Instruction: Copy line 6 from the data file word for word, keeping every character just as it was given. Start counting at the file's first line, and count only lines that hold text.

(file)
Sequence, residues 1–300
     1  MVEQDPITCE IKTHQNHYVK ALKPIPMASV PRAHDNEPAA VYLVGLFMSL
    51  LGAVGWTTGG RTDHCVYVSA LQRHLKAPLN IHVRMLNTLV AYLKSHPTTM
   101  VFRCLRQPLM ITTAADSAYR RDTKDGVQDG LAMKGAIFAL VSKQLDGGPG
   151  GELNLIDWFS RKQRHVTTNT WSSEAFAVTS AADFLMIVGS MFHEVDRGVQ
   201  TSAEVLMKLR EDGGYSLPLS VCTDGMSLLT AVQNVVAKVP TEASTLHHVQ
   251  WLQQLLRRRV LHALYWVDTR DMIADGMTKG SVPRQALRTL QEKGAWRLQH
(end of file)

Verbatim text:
   201  TSAEVLMKLR EDGGYSLPLS VCTDGMSLLT AVQNVVAKVP TEASTLHHVQ